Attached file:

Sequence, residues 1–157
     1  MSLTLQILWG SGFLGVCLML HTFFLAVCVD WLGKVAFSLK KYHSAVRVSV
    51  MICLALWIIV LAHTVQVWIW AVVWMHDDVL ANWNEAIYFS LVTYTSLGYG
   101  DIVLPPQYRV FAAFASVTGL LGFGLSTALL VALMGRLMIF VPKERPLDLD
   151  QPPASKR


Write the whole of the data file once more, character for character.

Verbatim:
Sequence, residues 1–157
     1  MSLTLQILWG SGFLGVCLML HTFFLAVCVD WLGKVAFSLK KYHSAVRVSV
    51  MICLALWIIV LAHTVQVWIW AVVWMHDDVL ANWNEAIYFS LVTYTSLGYG
   101  DIVLPPQYRV FAAFASVTGL LGFGLSTALL VALMGRLMIF VPKERPLDLD
   151  QPPASKR